By Andrei Skvarsky.
On top of having been at the centre of a money-laundering scandal that forced the parent company to pay large fines to British and US regulators in January, Deutsche Bank’s Russian subsidiary has received a 10bn-rouble ($174m) backdated tax bill from the Russian government.
According to Bloomberg and Russian business daily RBC, the Moscow-based subsidiary is suspected of using foreign currency swaps with a Deutsche unit in London to lower the base for income tax calculation.
“As part of an ongoing routine audit, Deutsche Bank is working with Russian tax authorities on matters relating to standard business operations that follow normal industry practice,” the German bank said in a statement in reference to the case.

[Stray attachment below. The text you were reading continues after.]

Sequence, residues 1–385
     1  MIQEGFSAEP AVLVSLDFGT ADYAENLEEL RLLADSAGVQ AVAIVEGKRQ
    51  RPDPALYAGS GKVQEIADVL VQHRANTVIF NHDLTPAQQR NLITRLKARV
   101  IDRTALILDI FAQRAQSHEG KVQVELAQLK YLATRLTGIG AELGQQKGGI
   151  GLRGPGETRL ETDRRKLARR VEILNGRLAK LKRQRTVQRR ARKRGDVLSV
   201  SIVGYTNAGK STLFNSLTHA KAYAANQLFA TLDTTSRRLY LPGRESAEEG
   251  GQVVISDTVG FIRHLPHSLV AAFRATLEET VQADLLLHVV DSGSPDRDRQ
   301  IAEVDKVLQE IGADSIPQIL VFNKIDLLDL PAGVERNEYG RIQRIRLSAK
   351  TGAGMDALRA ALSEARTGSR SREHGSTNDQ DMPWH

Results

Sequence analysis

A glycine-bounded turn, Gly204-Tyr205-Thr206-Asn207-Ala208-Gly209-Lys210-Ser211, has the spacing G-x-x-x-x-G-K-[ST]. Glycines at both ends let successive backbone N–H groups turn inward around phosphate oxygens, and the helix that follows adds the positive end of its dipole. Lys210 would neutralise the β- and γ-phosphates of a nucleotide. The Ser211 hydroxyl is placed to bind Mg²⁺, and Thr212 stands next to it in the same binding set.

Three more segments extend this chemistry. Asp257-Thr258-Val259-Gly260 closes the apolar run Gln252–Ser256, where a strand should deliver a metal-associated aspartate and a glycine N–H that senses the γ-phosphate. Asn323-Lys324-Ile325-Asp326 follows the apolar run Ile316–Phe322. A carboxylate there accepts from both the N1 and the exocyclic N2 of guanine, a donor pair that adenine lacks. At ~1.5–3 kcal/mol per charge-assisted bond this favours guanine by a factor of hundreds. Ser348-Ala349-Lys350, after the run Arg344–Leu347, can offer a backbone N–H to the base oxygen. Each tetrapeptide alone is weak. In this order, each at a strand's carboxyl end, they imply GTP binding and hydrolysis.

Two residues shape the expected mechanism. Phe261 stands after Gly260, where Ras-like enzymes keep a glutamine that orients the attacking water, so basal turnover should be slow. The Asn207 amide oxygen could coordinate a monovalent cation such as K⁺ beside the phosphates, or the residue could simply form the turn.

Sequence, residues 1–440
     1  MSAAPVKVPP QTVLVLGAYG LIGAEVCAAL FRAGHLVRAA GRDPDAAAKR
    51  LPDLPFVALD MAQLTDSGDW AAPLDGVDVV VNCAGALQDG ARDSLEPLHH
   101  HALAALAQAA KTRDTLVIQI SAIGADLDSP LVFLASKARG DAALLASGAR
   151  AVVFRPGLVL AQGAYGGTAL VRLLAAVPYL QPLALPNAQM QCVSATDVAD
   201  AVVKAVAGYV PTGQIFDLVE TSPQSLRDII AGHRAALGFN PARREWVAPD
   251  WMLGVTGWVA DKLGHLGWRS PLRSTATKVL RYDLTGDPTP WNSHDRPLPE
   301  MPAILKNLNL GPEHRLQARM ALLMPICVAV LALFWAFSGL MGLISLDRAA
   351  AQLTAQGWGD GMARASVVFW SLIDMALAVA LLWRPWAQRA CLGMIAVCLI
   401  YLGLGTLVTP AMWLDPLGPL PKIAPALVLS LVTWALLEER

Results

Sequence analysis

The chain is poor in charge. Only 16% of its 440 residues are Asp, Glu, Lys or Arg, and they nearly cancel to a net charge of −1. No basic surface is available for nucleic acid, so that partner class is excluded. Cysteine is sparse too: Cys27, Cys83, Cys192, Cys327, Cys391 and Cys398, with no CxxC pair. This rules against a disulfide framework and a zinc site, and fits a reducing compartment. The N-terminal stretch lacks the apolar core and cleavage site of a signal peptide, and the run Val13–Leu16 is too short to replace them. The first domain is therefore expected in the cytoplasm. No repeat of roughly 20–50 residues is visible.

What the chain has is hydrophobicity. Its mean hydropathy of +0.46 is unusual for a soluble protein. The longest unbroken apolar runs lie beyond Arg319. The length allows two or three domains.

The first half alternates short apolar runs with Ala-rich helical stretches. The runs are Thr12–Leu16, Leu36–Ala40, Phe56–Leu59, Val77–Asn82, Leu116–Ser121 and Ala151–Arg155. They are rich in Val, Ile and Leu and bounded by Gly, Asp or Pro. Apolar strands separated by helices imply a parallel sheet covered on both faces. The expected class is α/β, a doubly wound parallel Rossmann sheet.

RBC cited a senior banker as arguing that the Frankfurt-headquartered lender might pull out of Russia if it had to cough up the money wanted by the country’s tax service.
Deutsche Bank Russia’s reported net profit for 2016 was only around 2bn roubles. This and the $629m Deutsche paid in Britain and the United States in January in settling the money-laundering charges could make the bank’s business in Russia unsustainable, the banker explained.